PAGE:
By STEPHANIE MORALES
CONCORD, N.H. (AP) — For nearly six decades, a Marine Corps sergeant’s family lived under the misconception that his body was lost at sea during World War II.
Killed in what has been called the bloody Battle of Tarawa, David Quinn’s remains have been identified and are on their way home to New Hampshire.
Funeral services with full military honors will be held for the 24-year-old on May 5 at the Congregational Church of Temple.
Quinn died on Nov. 20, 1943, the first day of the three-day Battle of Tarawa, as Marines landed against strong Japanese resistance on the tiny, coral reef-ringed island of Betio in the Tarawa Atoll of the Gilbert Islands. Approximately 1,000 Marines and sailors were killed and more than 2,000 were wounded.
His parents and siblings all died before the family discovered a letter to his widow from a Marine veteran disproving the claim that his body was lost at sea. In the early 2000s, they were contacted by military scientists that said DNA was available to identify Quinn.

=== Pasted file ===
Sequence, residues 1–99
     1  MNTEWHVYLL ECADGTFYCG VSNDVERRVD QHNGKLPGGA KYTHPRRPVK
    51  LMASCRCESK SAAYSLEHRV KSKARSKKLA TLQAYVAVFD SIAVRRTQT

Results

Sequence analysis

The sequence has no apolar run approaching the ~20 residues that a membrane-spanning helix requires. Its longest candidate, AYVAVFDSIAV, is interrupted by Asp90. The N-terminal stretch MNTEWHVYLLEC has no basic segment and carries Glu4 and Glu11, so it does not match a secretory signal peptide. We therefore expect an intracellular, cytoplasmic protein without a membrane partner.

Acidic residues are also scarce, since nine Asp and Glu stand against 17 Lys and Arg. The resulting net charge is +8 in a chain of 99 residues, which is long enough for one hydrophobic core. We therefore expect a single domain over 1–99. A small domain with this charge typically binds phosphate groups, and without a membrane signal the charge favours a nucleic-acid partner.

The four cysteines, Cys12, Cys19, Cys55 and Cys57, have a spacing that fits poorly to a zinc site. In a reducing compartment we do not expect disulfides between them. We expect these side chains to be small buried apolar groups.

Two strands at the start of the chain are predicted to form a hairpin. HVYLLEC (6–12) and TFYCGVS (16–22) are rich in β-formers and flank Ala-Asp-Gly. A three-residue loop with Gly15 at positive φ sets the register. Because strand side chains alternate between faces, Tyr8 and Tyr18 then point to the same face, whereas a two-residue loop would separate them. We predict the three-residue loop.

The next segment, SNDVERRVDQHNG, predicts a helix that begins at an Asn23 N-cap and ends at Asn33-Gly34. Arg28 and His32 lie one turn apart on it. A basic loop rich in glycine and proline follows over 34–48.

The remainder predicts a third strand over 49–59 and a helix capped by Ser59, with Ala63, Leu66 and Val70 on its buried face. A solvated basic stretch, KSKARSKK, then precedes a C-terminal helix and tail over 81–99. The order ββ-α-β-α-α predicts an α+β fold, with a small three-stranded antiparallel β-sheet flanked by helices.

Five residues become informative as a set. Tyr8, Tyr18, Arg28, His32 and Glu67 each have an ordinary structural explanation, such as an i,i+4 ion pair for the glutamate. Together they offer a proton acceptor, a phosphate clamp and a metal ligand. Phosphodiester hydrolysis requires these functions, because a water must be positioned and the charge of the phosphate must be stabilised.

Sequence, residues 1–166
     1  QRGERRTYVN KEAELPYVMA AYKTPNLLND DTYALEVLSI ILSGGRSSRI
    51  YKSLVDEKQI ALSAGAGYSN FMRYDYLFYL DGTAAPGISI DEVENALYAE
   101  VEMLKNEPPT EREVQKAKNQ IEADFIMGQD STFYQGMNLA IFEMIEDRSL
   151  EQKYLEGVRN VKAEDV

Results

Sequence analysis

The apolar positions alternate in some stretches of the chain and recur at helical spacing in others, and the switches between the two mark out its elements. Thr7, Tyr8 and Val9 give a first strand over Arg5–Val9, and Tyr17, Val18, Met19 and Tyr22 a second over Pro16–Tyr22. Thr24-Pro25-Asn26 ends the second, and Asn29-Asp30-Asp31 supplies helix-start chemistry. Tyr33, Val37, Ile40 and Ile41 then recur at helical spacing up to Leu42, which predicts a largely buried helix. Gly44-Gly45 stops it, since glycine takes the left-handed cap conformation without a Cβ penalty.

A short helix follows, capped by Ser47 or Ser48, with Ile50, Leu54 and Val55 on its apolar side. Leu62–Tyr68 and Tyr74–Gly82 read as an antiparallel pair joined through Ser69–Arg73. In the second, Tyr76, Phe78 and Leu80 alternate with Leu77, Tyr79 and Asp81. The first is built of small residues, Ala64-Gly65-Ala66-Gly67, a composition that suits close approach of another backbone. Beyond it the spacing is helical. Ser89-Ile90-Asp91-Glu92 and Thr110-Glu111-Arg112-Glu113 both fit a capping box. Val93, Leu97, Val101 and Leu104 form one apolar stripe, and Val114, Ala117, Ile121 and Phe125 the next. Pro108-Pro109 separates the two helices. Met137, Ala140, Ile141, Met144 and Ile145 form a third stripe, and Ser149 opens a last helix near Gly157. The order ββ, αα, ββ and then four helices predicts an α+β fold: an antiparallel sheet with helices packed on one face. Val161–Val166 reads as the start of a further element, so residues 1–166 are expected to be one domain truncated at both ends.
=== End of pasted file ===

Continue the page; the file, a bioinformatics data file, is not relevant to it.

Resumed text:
It would be about a decade, in 2012, until a DNA kit was sent to two of his nieces to match the mitochondrial DNA that was collected from the remains. Five years later, in November of last year, they received notice that the remains were accounted for.
“It’s a shame that family who knew him never got that closure, but it’s an amazing feeling knowing that this long journey is finally coming to an end,” said Paul Quinn, his nephew, who found the letter during his research and spearheaded the efforts to identify his uncle’s remains.
Paul Quinn said that his uncle died six years before he was born, and there were few stories passed along to the younger generation about him. But his immediate family remembered him fondly and were filled with regret that they never knew what happened to him. He married his widow, who he met in New Zealand, four months before he left for Tarawa.
“When I first got in touch with her, she told me that they had more joy in those four months than most people find in a lifetime,” Quinn said.
Paul Quinn said he often doubted his uncle would be identified, especially after years of accepting the story that he was lost at sea. The Pentagon’s POW/MIA Accounting Agency says Quinn’s remains will be transferred at Logan Airport in Boston on May 4.
“We never thought we’d be bringing him home. It’s pure joy,” Quinn said.
There are currently 72,934 service members from World War II still unaccounted for. More than 400,000 died during the war.